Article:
During the 1970s in Nixburg, Alabama, five relatives of the Reverend Willie Maxwell died under suspicious circumstances, after which Maxwell cashed in on multiple life insurance policies. Although he was never charged with their murders, the insurance companies contested the claims. A fast-talking lawyer/politician named Tom Radney represented Maxwell and they won a majority of the disputes. Family members and citizens in Nixburg were terrified Maxwell had policies on them too. And rumors of voodoo abounded. At the funeral of the fifth family member, an outraged Robert Burns shot and killed Maxwell. Radney stepped in as his lawyer and the jury found Burns not guilty.

Cep divides this fascinating book into three parts. The first section provides an historical background of Nixburg, Alabama and the Maxwell family, their early days as sharecroppers, of Willie Maxwell’s service in the army and his first marriage. She details the family members’ deaths and Maxwell’s relationship with Tom Radney.

In the second part, Cep describes Tom Radney’s political career as a progressive Democrat in Alabama amid a climate of tense racial politics. While attending the 1968 Democratic National Convention, Radney made a series of progressive comments and angered folks in Alabama. For months, he and his family were barraged by death threats. Radney eventually withdrew from seeking election and hung up a shingle in Alexander City, though he continued to support civil rights, integration and Democratic politics.

Part three of Furious Hours brings Harper Lee, author of To Kill a Mockingbird, into the story. After the book’s enormous success, Lee’s writing career had stalled. In 1965, Truman Capote asked his childhood friend to help him research In Cold Blood. This experience reignited Lee’s interest in law and crime. When Lee heard about the Maxwell murders, she moved to Alexander City, attended the trial, conducted interviews, and befriended Tom Radney. She then returned to New York to start a book that she never finished. Cep looks at what happened.

Cep writes early on that there are two mysteries in her story. The first is “what would become of the man who shot the Reverend Willie Maxwell. But for decades after the verdict, the mystery was what became of Harper Lee’s book.”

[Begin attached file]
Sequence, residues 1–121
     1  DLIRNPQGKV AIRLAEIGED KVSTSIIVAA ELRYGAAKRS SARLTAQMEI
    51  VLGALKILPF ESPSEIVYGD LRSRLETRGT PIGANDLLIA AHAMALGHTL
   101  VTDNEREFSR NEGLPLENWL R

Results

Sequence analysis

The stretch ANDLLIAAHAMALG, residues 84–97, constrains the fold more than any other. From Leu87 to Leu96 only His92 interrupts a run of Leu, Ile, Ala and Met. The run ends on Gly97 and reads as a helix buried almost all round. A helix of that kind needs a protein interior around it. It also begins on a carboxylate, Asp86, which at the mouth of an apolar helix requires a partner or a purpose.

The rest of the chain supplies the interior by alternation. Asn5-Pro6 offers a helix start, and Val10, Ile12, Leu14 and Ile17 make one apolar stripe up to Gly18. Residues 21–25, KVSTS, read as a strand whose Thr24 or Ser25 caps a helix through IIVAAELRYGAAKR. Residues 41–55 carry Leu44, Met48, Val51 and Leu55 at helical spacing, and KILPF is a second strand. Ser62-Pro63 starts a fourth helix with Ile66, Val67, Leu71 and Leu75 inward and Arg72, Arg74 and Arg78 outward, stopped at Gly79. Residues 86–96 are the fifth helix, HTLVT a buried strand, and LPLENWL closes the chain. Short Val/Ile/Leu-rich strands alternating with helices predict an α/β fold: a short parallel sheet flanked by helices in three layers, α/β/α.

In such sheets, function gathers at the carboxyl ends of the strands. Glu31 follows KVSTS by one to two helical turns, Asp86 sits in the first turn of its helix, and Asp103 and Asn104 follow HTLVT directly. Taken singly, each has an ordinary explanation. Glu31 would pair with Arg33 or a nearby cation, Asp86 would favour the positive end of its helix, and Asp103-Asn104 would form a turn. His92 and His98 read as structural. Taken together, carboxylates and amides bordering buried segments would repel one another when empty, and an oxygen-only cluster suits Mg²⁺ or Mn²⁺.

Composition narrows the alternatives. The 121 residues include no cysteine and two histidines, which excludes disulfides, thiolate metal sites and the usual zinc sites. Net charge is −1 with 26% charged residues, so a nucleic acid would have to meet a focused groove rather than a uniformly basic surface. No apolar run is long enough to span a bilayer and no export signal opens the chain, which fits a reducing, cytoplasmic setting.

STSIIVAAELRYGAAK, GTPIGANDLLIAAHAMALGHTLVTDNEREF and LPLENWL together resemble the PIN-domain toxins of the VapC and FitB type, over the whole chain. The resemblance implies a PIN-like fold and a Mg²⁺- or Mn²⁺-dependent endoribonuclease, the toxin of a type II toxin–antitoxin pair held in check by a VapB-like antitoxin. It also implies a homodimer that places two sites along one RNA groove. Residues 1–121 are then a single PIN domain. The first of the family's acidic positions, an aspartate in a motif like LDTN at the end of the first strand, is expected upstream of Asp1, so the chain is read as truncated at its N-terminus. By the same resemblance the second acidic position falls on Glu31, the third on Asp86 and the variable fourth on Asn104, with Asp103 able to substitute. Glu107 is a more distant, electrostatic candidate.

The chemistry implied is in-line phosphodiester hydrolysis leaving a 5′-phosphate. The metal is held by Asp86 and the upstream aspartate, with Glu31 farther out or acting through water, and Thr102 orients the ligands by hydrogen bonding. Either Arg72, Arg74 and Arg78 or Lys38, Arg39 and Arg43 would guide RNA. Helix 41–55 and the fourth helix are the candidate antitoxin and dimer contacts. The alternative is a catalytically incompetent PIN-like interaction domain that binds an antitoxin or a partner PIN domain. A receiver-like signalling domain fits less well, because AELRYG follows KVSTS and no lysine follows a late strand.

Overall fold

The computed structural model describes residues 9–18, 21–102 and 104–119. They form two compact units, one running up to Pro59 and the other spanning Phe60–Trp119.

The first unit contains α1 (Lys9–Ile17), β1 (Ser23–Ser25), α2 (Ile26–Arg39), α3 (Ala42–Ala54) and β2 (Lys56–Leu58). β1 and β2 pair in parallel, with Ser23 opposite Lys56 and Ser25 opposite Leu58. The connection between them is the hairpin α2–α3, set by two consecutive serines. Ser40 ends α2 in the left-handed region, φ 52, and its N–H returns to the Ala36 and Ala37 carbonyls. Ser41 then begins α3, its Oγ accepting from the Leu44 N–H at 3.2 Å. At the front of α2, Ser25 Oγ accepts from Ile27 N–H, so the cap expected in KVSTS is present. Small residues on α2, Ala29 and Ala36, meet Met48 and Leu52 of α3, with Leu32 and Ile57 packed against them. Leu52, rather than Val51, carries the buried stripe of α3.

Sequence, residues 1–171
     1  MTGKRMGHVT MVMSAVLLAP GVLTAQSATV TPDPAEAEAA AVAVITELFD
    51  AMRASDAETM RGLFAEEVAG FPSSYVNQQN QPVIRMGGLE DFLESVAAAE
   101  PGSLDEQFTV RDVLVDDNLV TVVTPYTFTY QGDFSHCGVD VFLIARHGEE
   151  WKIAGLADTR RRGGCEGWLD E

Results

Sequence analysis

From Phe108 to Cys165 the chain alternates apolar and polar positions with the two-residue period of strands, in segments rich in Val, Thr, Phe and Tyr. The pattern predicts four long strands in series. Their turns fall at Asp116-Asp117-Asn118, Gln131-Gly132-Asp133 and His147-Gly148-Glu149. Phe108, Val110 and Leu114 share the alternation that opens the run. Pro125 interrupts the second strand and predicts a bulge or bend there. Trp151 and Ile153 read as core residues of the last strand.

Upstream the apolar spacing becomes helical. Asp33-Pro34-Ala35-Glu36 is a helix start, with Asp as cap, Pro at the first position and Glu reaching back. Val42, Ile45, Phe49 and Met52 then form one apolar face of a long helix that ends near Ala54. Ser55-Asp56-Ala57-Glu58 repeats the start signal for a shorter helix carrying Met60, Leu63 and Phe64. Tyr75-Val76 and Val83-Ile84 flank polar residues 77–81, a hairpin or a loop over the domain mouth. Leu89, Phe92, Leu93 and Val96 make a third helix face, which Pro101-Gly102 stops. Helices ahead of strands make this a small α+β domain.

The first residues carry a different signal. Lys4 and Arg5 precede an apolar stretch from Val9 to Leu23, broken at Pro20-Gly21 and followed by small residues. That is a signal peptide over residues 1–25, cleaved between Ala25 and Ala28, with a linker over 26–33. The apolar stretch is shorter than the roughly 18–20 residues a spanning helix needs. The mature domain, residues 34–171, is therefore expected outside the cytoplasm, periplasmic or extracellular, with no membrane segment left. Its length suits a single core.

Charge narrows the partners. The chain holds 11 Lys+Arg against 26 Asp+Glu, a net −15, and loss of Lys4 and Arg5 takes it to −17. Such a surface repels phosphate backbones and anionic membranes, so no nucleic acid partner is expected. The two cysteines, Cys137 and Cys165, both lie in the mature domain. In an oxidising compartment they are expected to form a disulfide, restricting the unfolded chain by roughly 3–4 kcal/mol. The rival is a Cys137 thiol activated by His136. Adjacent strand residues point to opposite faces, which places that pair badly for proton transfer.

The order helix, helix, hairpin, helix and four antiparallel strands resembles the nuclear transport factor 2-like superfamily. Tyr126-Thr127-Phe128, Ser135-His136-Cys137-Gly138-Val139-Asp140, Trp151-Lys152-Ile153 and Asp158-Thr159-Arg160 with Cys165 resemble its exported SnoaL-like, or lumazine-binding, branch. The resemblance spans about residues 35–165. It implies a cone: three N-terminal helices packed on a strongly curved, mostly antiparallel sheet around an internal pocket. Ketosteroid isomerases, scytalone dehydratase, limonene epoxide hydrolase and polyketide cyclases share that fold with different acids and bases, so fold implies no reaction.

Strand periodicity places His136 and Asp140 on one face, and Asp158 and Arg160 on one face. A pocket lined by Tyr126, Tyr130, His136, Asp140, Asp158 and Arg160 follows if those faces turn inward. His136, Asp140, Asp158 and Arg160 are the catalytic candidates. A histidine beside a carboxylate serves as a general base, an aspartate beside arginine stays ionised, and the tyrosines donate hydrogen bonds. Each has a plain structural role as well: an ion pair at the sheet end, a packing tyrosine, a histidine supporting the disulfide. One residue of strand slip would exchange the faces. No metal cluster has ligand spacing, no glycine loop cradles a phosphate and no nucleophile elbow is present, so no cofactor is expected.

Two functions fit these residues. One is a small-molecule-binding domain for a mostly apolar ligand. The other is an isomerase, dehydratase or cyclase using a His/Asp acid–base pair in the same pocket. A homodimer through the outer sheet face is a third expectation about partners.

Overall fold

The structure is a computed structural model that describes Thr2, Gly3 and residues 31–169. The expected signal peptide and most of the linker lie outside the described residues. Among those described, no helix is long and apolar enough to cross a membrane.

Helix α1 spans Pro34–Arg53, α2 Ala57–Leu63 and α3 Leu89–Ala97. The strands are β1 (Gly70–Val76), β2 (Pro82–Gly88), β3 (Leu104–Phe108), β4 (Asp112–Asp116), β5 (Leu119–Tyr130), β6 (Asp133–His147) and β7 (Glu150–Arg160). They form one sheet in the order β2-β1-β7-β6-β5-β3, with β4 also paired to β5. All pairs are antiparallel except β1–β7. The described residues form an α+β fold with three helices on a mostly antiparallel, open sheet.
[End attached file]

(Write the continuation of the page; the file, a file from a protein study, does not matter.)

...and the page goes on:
I enjoyed reading how Cep connected Maxwell, Radney and Lee, about Lee’s relationship with Truman Capote and her stalled writing career. I recommend Furious Hours to readers who enjoy true crime and biographies.

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On YouTube today – about to start a new book, plus my new “library”

Hi Everyone,

I’m on YouTube today, talking about a book I’m about to start reading, and showing off my new “library” – I hope you’ll take a look!

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Book Club Mom’s great reads of 2019

I read some great books this year. Here’s a list of my favorites!

Before the Fall by Noah Hawley

Is it good luck to survive a plane crash over the Atlantic? Most would think yes, but Scott Burroughs, after a heroic swim to safety, with four-year-old JJ Bateman clinging to his neck, may wonder. Because he will soon find himself caught between competing government agencies searching for a cause and the media’s ruthless pursuit of a story, any story, even if it’s unfounded. Winner of the 2017 Edgar Award for Best Novel and the 2017 International Thriller Writers Award for Best Novel.

In Cold Blood by Truman Capote

Fantastic nonfiction novel, the first of its kind and considered Truman Capote’s masterpiece. The chilling depiction of a senseless 1959 murder of a Kansas family. Capote and his childhood friend, Harper Lee, went to Kansas to research the story and compiled over 8000 pages of notes. They were granted numerous interviews with the murderers, who by then, had confessed and were in jail awaiting trial. They moved to death row after their convictions, where Capote continued to interview them until their hangings. He became particularly attached to Perry Smith and related to his unhappy childhood.

Lab Girl by Hope Jahren

Fantastic memoir about Hope Jahren’s experiences as a scientist. Jahren’s field is plants, especially trees, and her interest in them is contagious. She explains the fascinating way in which they grow, reproduce and adapt. Jahren writes beautifully about her profession, its challenges and about her lonely childhood in Minnesota, college life and early years trying to make it as a scientist.

Less by Andrew Sean Greer